- Arnold J. Toynbee, A Study of History, V, pp. 514-15. excerpt: "in the heyday of the Mughal, Safawi, and Ottoman regimes New Persian was being patronized as the language of literae humaniores by the ruling element over the whole of this huge realm, while it was also being employed as the official language of administration in those two-thirds of its realm that lay within the Safawi and the Mughal frontiers"
- Mazzaoui, Michel B; Canfield, Robert (2002). "Islamic Culture and Literature in Iran and Central Asia in the early modern period". Turko-Persia in Historical Perspective. Cambridge University Press. pp. 86–7. ISBN 978-0-521-52291-5.
Safavid power with its distinctive Persian-Shi'i culture, however, remained a middle ground between its two mighty Turkish neighbors. The Safavid state, which lasted at least until 1722, was essentially a "Turkish" dynasty, with Azeri Turkish (Azerbaijan being the family's home base) as the language of the rulers and the court as well as the Qizilbash military establishment. Shah Ismail wrote poetry in Turkish. The administration nevertheless was Persian, and the Persian language was the vehicle of diplomatic correspondence (insha'), of belles-lettres (adab), and of history (tarikh).
- Ruda Jurdi Abisaab. "Iran and Pre-Independence Lebanon" in Houchang Esfandiar Chehabi, Distant Relations: Iran and Lebanon in the Last 500 Years, IB Tauris 2006, p. 76: "Although the Arabic language was still the medium for religious scholastic expression, it was precisely under the Safavids that hadith complications and doctrinal works of all sorts were being translated to Persian. The 'Amili (Lebanese scholars of Shi'i faith) operating through the Court-based religious posts, were forced to master the Persian language; their students translated their instructions into Persian. Persianization went hand in hand with the popularization of 'mainstream' Shi'i belief."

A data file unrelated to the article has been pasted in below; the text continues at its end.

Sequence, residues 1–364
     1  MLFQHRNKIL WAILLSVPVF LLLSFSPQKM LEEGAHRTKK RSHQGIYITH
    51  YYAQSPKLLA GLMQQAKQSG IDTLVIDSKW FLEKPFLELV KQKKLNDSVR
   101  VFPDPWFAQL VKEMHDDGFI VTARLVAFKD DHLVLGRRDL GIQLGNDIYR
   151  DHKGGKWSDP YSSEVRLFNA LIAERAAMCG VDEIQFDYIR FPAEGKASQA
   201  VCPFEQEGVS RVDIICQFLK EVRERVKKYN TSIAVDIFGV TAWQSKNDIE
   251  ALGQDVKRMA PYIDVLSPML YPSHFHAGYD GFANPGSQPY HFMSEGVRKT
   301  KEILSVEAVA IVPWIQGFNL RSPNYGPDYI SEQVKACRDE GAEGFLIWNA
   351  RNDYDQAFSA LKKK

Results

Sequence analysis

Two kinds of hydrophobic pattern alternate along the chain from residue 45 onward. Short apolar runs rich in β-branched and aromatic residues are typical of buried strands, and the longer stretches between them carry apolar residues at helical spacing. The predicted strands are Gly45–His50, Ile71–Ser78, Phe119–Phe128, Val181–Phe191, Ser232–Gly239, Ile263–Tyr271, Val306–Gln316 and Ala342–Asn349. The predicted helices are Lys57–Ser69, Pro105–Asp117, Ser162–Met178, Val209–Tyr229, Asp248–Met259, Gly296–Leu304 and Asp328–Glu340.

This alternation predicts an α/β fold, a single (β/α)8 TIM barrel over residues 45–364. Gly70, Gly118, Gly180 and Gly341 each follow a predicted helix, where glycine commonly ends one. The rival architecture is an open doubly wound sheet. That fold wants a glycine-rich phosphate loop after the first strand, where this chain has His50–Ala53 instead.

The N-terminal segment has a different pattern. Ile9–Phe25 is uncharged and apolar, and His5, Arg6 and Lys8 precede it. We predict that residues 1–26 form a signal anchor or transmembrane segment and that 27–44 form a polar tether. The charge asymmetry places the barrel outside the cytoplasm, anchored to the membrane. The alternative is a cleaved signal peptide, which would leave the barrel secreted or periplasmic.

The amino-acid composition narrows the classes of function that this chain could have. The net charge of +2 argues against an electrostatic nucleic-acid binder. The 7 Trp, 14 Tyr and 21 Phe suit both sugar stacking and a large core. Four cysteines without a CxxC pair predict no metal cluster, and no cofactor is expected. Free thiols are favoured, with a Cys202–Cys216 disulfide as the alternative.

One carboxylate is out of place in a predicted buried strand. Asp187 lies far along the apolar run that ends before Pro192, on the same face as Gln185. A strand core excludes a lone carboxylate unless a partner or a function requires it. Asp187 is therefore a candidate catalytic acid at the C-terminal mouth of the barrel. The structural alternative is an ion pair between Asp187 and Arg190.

- Savory, Roger (2007). Iran Under the Safavids. Cambridge University Press. p. 213. ISBN 978-0-521-04251-2.
qizilbash normally spoke Azari brand of Turkish at court, as did the Safavid shahs themselves; lack of familiarity with the Persian language may have contributed to the decline from the pure classical standards of former times
- Zabiollah Safa (1986), "Persian Literature in the Safavid Period", The Cambridge History of Iran, vol. 6: The Timurid and Safavid Periods. Cambridge: Cambridge University Press, ISBN 0-521-20094-6, pp. 948–65. P. 950: "In day-to-day affairs, the language chiefly used at the Safavid court and by the great military and political officers, as well as the religious dignitaries, was Turkish, not Persian; and the last class of persons wrote their religious works mainly in Arabic. Those who wrote in Persian were either lacking in proper tuition in this tongue, or wrote outside Iran and hence at a distance from centers where Persian was the accepted vernacular, endued with that vitality and susceptibility to skill in its use which a language can have only in places where it truly belongs."
- Price, Massoume (2005). Iran's Diverse Peoples: A Reference Sourcebook. ABC-CLIO. p. 66. ISBN 978-1-57607-993-5.
The Shah was a native Turkic speaker and wrote poetry in the Azerbaijani language.
- Ferrier, RW, A Journey to Persia: Jean Chardin's Portrait of a Seventeenth-century Empire, p. ix.
- The New Encyclopedia of Islam, Ed. Cyril Glassé, (Rowman & Littlefield Publishers, 2008), 449.
- "Safavid Persia". Books. Google.
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- "SAFAVID DYNASTY". Encyclopædia Iranica.